Surfside condo collapse

Couple Celebrated Birth of New Grandchild a Day Before Surfside Collapse

The Ainsworths moved to Surfside within the last several years from Australia.

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Tzvi Ainsworth was very devoted to his wife, Ingrid.

They are two of the 32 identified victims of the condo collapse in Surfside.

"Like a terrible nightmare; can’t wake up," said Rabbi Aryeh Citron, who leads the Surfside Minyan Synagogue, a small congregation that sits just blocks from where the Champlain Towers used to be.

Six families in Rabbi Citron's congregation are either survivors of the collapse, still missing, or have been recovered.

"Tzvi was a very easy-going fellow, very nice to talk to. Great sense of humor, very chatty," Rabbi Citron recalled. "Just had a lot to say about his life and the places he’s been and jobs that he’s done and talking about his kids — just a great all-around guy."

Tzvi, 68, was a senior member of the congregation. He never missed services — unless it was to take care of his wife, who was also known as Itty.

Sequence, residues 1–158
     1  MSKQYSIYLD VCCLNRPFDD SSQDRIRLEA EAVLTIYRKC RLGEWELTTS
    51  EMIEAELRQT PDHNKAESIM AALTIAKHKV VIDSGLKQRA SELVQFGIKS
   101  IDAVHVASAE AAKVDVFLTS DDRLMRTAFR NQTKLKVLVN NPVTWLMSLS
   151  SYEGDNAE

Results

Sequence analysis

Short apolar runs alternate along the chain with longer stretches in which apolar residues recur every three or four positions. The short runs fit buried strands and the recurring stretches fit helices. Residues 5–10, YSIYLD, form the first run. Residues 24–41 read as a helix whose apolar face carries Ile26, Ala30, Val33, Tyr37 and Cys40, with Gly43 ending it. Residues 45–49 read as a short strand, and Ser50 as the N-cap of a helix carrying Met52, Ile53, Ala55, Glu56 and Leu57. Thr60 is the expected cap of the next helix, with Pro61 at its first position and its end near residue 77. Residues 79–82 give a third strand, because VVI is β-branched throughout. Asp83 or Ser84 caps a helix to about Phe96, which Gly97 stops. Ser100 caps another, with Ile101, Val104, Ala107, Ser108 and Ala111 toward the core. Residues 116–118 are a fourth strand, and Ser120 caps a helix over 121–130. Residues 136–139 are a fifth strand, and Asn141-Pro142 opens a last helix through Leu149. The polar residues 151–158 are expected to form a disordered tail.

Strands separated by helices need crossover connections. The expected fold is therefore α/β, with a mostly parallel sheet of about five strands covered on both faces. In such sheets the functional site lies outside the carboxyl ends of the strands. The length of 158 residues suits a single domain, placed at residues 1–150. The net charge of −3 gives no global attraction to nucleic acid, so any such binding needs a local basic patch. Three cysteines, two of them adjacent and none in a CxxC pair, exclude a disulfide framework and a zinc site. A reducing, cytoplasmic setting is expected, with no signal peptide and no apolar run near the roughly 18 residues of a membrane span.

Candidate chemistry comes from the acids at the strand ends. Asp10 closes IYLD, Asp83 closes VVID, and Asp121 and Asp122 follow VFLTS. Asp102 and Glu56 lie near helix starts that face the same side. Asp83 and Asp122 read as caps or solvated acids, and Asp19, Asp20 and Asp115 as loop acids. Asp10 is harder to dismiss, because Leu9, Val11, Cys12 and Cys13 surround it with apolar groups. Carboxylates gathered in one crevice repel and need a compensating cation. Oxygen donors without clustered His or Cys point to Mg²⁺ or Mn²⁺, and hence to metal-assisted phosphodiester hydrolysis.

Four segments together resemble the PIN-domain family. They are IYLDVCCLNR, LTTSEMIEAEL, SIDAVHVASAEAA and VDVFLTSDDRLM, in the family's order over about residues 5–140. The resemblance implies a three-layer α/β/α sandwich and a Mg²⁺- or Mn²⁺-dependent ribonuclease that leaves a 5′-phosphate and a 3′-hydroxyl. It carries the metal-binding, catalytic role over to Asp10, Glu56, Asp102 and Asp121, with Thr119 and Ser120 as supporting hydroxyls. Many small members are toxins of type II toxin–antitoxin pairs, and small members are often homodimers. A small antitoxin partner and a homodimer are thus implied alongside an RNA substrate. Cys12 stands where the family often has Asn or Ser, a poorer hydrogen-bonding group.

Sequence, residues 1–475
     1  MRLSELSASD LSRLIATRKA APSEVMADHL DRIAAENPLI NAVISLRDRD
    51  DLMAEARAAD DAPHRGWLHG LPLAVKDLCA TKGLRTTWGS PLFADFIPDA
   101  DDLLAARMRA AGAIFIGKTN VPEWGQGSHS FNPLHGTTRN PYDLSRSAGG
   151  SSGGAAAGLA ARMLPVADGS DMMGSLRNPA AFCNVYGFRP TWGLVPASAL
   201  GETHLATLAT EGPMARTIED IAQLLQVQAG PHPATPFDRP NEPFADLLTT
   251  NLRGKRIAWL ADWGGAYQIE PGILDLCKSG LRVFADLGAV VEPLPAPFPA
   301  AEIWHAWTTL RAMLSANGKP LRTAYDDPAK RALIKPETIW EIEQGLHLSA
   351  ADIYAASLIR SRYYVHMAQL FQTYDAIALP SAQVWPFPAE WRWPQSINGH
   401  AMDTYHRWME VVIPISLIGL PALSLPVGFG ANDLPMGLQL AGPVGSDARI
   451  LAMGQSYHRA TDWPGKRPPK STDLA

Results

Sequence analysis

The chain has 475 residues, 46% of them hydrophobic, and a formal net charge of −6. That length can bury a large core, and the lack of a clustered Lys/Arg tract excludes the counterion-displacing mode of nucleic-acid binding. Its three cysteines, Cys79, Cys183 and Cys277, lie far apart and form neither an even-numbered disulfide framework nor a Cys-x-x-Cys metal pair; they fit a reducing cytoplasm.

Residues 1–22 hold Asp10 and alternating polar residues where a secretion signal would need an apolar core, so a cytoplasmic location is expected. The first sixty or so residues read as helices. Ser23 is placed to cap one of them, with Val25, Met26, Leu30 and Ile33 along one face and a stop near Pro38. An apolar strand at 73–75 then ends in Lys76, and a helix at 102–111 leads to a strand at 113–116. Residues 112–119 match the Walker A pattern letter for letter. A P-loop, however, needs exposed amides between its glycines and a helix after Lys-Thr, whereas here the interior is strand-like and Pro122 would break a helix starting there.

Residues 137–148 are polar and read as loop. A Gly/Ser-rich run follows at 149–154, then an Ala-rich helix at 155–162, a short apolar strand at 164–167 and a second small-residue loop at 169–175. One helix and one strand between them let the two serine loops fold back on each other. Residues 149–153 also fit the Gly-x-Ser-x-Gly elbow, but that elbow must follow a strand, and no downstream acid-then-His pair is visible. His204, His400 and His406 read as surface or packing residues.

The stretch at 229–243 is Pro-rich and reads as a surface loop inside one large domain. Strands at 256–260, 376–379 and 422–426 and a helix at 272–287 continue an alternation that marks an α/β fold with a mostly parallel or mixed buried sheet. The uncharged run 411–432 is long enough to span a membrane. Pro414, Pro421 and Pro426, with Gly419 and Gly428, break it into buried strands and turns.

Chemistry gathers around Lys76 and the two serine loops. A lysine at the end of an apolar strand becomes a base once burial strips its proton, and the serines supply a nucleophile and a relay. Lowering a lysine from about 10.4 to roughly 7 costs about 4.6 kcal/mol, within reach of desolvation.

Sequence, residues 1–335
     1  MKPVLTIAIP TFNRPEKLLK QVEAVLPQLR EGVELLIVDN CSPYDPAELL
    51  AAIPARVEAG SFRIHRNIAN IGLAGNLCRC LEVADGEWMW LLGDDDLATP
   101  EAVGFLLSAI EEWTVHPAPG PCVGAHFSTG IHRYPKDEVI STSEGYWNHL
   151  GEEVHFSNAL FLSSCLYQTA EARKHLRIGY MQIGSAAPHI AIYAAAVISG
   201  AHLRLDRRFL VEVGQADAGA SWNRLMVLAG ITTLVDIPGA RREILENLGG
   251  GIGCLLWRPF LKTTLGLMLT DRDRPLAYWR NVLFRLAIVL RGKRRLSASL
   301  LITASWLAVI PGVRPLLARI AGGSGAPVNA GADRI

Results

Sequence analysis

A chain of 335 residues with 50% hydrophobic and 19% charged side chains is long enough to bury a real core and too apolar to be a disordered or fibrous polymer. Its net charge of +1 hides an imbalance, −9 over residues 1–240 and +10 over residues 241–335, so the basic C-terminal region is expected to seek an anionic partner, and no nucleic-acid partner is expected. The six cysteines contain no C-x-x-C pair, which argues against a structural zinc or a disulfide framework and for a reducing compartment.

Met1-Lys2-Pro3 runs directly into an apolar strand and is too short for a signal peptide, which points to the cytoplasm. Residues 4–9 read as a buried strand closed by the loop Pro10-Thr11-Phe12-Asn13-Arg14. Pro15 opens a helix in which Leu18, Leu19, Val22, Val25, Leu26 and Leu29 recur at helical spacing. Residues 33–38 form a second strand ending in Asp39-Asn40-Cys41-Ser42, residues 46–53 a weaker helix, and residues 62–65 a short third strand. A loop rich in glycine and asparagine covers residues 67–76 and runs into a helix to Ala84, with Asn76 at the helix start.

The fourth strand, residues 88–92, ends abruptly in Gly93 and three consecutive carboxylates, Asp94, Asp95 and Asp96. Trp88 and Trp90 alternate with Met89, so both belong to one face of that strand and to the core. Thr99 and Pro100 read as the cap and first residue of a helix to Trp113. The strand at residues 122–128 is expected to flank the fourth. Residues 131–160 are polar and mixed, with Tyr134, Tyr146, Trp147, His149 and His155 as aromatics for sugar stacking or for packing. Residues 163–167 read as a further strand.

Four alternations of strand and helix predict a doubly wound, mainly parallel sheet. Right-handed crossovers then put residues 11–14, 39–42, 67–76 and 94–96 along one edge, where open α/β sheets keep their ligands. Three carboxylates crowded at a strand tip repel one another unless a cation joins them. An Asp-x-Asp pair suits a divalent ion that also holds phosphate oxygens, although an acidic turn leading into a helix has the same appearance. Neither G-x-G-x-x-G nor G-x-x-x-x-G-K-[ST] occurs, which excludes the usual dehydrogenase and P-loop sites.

"She was having treatments and often going to doctor. He was very devoted to her. Always taking care of her," Rabbi Citron said. "If he was missing, if he didn't come to the synagogue, it was because he was with her or his children."

The Ainsworths moved to Surfside within the last several years from Australia. Some of their seven children all lived in the area, and Itty’s mother lived in Miami Beach.

The couple just celebrated the birth of a new grandchild the day before the collapse.

Now Rabbi Citron — a religious leader in the community — has taken on a role as a sounding board for the six families in his congregation who have been affected.

"The family members that I’m in touch with are still praying for that miracle. They haven’t given up," he said.

Funeral plans are being made for the Ainsworths and will be done quickly, the rabbi said.

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